Hundreds of victims have filed medical malpractice lawsuits claiming these implants are causing additional medical issues. One case has already gone to trial and been decided by a jury. The victim had claimed that her vaginal mesh implant that had been manufactured by C.R. Bard Inc. caused chronic pain and incontinence and that she had endured nine surgeries to try to fix the problems caused by the implant. The lawsuit, which was filed against both the manufacturer and the doctor who performed the surgery, alleged that the company had not thoroughly tested the product before selling it, despite the fact that the FDA had approved it. The jury determined that the manufacturer was 60 percent responsible and the doctor was 40 percent responsible. The victim and her husband were awarded $5.5 million for pain and suffering, medical expenses, and loss of consortium.

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July 19, 2012

Incorrect Ford Escape Recall May Have Contributed to 17-Year-Old's Car Accident Death

Product recalls on cars are not uncommon. Considering the thousands of parts that go into each car or truck, it is understandable that an issue might arise after the cars have been sold and are being driven on a daily basis. Most issues are found before they cause any major damage or injuries, and recall notices are sent to everyone who owns the cars in question so the problem can be fixed.

A recent Ford recall encompasses thousands of cars built at the Louisville Assembly Plant in Kentucky. Over 8,000 Ford Escapes built at the Fern Valley, Kentucky plant between March and June 2012 have been recalled because of a carpet issue. Misplaced carpet padding could interfere with the driver's ability to switch from the accelerator to the brake. A Ford spokesperson said the problem was found internally and that no car accidents have been reported as a result of the issue.

While it appears that Ford is handling this current recall properly, that may not be the case in an earlier recall. In December 2004, Ford recalled around 590,000 Ford Escapes and Mazda Tributes because a liner around a cable could interfere with the accelerator and cause it to get stuck. The majority of owners of the cars in question had their cars repaired. Then in October 2005, Ford sent a new set of instructions regarding the previous recall to the dealers telling them to be careful not to damage the cruise control cable during the repair. This information was sent only to the dealers, not to the car owners, so anyone who had already had their cars repaired did not know there might be an additional issue.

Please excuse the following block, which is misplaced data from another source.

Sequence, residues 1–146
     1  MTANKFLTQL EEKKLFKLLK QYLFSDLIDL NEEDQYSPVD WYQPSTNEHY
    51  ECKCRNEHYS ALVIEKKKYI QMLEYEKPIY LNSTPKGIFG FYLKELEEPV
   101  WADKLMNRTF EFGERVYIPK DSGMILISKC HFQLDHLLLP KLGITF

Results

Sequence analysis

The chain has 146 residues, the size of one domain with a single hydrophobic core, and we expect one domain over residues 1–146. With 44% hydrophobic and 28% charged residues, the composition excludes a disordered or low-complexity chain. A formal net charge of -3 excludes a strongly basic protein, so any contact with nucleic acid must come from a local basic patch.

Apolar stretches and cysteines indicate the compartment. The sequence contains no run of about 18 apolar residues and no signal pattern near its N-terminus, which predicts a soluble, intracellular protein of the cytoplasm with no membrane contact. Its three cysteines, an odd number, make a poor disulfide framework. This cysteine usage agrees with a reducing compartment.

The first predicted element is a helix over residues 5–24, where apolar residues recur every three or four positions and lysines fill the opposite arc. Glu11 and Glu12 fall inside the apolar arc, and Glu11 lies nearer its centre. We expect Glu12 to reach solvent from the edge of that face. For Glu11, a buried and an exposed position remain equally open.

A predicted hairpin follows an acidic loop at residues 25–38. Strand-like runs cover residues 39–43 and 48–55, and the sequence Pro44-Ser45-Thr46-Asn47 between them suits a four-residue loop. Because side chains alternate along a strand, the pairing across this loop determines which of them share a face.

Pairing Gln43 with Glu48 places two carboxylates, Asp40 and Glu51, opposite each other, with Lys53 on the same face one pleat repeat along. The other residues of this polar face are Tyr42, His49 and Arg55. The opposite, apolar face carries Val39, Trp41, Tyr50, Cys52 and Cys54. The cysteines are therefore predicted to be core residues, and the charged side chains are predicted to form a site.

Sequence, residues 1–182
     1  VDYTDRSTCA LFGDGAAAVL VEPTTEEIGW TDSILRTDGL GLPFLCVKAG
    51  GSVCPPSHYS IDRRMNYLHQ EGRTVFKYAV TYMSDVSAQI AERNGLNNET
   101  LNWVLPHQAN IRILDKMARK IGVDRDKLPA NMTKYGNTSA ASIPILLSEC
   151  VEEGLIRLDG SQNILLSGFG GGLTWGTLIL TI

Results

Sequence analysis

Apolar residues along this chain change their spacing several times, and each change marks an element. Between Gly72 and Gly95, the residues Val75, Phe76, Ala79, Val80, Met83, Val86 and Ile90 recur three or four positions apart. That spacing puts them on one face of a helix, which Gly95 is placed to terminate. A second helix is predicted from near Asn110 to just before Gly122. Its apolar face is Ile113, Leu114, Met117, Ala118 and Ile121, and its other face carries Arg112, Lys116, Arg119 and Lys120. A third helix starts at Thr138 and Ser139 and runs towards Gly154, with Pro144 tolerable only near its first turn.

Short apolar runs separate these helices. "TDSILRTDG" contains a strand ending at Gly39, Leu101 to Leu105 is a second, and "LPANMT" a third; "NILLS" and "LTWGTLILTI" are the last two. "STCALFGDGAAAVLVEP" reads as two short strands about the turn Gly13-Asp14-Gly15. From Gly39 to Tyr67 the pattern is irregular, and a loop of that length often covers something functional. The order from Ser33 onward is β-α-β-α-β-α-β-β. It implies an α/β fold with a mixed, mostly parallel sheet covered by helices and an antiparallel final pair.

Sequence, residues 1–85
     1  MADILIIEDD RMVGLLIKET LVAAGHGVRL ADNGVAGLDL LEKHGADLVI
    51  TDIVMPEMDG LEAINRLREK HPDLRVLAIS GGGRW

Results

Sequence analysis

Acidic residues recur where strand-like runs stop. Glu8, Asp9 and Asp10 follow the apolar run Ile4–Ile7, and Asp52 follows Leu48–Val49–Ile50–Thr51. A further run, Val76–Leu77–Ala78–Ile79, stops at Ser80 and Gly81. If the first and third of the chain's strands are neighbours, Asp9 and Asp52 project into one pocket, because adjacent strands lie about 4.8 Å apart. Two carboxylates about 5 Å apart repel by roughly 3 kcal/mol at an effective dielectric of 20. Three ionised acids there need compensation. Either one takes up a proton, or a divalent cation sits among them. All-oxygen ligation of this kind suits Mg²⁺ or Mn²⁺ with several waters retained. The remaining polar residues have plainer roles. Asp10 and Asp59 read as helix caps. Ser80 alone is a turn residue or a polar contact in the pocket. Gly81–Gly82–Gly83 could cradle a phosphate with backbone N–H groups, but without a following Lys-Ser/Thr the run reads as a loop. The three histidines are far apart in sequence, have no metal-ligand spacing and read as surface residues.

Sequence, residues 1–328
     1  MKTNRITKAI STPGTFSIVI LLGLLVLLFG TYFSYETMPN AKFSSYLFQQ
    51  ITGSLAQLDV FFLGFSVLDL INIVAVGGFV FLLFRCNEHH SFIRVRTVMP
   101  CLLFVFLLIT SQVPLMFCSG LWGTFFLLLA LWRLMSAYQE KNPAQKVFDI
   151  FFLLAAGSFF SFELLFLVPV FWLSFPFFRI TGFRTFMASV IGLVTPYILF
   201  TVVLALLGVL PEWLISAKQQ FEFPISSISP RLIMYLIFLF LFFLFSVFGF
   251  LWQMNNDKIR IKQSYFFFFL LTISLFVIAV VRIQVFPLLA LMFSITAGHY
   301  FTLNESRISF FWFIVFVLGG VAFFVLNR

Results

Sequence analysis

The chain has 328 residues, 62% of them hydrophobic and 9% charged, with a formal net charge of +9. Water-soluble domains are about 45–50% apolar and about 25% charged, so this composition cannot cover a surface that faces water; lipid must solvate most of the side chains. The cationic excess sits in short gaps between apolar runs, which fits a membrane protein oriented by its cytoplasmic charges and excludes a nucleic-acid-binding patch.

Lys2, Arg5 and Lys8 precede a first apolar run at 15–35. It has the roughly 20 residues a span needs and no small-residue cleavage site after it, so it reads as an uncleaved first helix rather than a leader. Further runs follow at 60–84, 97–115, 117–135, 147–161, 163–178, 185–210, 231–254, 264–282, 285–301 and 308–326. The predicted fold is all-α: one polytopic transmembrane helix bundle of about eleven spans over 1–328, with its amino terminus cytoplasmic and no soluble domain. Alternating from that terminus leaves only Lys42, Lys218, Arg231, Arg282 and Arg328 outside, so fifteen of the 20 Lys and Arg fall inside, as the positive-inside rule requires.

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January 30, 2012

Kentucky Couple Files Product Liability Suit against Kraft Foods

716277_kd.jpgOn September 21, 2011, Leamon Perkins of Pine Knot, Kentucky in McCreary County ate a bowl of microwavable Velveeta Shells and Cheese. He became very ill and ended up in surgery on September 29, 2011. According to his doctors, Mr. Perkins' small bowel was perforated with a small piece of metal that showed up on a CT scan and he had contracted peritonitis. The surgeon removed the portion of his small bowel that had been damaged by the sliver of metal and the metal piece itself.

The next day, Kraft Foods, the manufacturer of the macaroni and cheese recalled 137,000 cases of the product "as a precaution due to the possible presence of small, thin wire bristle pieces," according to the FDA recall press release. The recall was voluntary, as opposed to FDA-mandated, and Kraft stated it had not received any complaints or heard of anyone being injured.

Mr. Perkins filed a product liability lawsuit this month against Kraft. Why he waited so long to file the lawsuit is unknown. It is possible that he was not aware of the product recall until recently, so he did not put the two together. Kentucky law allows individuals to file product liability claims up to one year after the injury occurred, so he was well within the filing period.

In the lawsuit, Mr. Perkins is seeking $6 million in damages. The amount includes both compensatory and punitive damages. His wife has requested $500,000 in damages for loss of consortium. Compensatory damages often include lost wages and medical bills, as well as other less tangible items, such as physical and emotional distress. Loss of consortium is most often claimed by a spouse for lost or interrupted marital relations related to the accident. It can also be claimed by a parent or child of a victim for a reduction or termination of affection because of the victim's injuries. Punitive damages are not related to a particular loss, but instead serve to punish the defendant for the incident that occurred. Many plaintiffs claim punitive damages in an attempt to deter the defendant from allowing a similar incident to occur in the future.

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January 10, 2012

Woman Sues Drug Companies over Drug Given to Her Mother before Birth